Prop 1 Passes: UT-Austin Gets a Med School

With the passage of Central Health Proposition 1, UT-Austin is on its way toward getting a medical school.

Update: At a press conference at the Tower Wednesday afternoon, President Powers called the Prop 1 win a “historic vote” and thanked Travis County voters. Alongside deans from engineering, nursing, pharmacy, and natural sciences, Powers and Provost Steven Leslie described the plans for establishing the medical school, saying they would “start tomorrow.”

Stressing a collaborative model between the academic and medical campuses, Powers and Leslie explained that the medical school may admit its first class as early as 2015. Check back with the Alcalde for an explanation of UT’s next step on the path to a medical school.

Original Post: Travis County voters approved Central Health Proposition 1 Tuesday night, 54 percent to 46 percent, including early voting results. The affirmative vote means UT-Austin will join the ranks of America’s top universities with a medical school.

Leading up to the election, proponents of the measure—including the Texas Exes—noted the estimated economic benefit to Central Texas, increase in health care access and quality, and improvement of UT’s ability to promote primary care, drug development, and doctor training.

This is a historic night for Austinites, the UT community and world-changing medical research,” said UT president Bill Powers. “I’m thrilled and grateful that Central Health residents voted to invest in health care and to help us move ahead with a UT Austin medical school.”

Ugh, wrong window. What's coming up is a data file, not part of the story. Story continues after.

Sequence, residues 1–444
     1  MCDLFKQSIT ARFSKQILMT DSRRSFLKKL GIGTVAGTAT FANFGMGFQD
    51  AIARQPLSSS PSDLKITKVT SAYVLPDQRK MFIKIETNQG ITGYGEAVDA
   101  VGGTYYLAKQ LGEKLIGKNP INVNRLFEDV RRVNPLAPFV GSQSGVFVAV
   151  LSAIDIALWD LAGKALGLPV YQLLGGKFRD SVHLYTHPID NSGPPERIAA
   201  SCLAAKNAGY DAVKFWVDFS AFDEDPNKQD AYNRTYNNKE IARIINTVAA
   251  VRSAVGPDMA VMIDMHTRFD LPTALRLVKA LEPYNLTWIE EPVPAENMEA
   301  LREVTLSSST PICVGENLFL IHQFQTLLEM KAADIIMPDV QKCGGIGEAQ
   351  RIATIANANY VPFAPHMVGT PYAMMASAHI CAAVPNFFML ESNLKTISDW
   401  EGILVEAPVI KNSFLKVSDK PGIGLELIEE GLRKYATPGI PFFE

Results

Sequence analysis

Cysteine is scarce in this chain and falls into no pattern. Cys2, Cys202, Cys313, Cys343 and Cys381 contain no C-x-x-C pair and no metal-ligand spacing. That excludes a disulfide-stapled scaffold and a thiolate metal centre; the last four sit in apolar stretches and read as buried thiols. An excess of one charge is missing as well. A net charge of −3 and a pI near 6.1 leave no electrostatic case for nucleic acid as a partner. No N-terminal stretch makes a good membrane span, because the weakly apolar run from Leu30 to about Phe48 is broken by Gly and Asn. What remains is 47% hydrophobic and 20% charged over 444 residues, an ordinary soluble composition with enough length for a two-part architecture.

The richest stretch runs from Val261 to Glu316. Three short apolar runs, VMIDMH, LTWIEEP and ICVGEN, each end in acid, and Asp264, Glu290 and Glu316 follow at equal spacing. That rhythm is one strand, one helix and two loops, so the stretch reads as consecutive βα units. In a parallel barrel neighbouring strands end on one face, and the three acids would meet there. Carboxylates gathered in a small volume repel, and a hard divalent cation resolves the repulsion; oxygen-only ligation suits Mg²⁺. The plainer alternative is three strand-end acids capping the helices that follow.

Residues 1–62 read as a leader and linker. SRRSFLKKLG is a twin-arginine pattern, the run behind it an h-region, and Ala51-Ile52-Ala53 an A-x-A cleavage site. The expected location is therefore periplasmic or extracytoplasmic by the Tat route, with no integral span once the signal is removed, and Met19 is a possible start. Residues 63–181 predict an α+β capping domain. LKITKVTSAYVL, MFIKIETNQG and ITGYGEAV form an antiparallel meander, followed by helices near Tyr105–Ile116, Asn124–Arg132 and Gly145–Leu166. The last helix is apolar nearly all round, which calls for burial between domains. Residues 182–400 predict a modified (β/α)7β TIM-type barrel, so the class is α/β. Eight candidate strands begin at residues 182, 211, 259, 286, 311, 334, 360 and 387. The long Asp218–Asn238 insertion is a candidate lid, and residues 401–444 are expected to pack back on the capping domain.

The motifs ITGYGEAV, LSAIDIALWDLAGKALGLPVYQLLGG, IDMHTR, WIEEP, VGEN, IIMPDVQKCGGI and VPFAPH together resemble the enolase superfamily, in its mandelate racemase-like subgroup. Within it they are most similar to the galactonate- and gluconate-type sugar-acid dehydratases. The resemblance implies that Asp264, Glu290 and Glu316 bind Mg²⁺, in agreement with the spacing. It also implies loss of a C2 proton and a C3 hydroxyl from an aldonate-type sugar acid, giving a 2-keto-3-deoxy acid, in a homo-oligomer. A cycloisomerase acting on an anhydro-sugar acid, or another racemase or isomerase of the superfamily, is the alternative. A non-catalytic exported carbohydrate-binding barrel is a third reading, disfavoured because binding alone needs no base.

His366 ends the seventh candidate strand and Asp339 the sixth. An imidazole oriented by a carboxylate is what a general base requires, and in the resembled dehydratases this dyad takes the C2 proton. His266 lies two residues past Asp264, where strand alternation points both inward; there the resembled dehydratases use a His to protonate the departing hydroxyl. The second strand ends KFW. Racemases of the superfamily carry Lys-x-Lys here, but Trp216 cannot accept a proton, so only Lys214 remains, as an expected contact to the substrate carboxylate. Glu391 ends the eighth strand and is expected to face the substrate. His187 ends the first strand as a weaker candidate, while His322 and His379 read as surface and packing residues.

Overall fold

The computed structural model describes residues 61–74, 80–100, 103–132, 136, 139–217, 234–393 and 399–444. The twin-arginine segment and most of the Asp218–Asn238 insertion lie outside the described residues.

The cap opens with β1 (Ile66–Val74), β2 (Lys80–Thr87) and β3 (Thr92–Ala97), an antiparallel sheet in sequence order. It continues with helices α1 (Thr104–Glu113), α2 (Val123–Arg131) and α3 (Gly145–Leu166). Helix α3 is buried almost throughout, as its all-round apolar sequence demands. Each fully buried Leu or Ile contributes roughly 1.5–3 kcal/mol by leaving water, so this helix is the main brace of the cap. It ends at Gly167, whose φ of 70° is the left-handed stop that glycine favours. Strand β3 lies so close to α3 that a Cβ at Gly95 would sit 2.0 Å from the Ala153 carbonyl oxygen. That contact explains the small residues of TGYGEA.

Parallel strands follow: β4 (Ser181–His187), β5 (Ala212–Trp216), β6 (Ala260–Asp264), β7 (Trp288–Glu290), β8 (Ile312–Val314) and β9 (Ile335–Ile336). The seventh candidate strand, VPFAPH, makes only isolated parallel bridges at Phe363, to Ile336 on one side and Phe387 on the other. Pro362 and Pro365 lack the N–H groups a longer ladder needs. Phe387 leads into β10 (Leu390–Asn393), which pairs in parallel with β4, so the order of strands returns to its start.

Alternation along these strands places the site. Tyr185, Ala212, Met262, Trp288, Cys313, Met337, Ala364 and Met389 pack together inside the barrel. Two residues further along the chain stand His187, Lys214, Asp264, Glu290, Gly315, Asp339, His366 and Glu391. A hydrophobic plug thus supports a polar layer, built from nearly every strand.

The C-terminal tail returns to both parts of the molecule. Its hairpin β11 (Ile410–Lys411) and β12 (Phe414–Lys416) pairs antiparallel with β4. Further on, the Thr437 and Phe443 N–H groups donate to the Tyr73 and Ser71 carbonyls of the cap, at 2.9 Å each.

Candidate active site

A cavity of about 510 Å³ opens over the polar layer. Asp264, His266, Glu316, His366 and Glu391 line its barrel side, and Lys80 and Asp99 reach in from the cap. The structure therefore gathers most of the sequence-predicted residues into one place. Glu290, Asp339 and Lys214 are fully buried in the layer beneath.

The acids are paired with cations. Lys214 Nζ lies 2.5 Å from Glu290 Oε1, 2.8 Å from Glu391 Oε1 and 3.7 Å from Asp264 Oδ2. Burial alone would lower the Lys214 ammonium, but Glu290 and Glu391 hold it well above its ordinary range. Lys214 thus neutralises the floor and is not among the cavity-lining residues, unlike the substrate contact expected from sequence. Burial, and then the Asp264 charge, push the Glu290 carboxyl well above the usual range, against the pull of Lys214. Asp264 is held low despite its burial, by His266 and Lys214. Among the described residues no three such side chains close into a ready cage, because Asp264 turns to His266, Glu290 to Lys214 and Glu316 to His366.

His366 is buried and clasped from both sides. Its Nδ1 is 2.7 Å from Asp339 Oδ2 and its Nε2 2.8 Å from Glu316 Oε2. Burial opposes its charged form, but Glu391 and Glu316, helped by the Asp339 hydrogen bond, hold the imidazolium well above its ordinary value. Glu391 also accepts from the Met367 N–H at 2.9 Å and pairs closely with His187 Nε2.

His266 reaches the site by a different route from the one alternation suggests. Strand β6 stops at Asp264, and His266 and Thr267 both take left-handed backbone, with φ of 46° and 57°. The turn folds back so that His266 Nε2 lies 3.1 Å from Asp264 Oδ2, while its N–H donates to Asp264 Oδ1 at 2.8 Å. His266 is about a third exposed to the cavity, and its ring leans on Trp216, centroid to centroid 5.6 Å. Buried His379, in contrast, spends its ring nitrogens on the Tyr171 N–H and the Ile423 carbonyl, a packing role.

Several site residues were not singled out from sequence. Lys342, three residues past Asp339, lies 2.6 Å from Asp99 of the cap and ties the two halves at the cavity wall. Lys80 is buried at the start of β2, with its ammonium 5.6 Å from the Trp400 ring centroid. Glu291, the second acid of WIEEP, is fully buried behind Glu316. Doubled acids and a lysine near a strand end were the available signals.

Revenue raised through proposition 1 will be used through Travis County’s health district, Central Health, to fund medical care and doctor training in a system of new community clinics and a new teaching hospital, which will train UT-Austin medical students. The Seton HealthCare Family has committed $250 million to build a new teaching hospital to replace the outdated University Medical Center Brackenridge, and the UT System has committed $25 million per year and an additional $5 million for the first eight years to build, administer, and purchase equipment for the medical school.

The proposition was considered the final piece needed to create an improved health care system based around a medical school, and a boon for the University.

Efforts will now focus on recruiting the first dean of UT’s medical school, beginning the selection process of designing and engineering the new school and hospital, and securing a Medicaid 1115 waiver to guarantee 146 percent matching funds from the federal government.

Creative Commons image from the League of Women Voters of California on Flickr.

 

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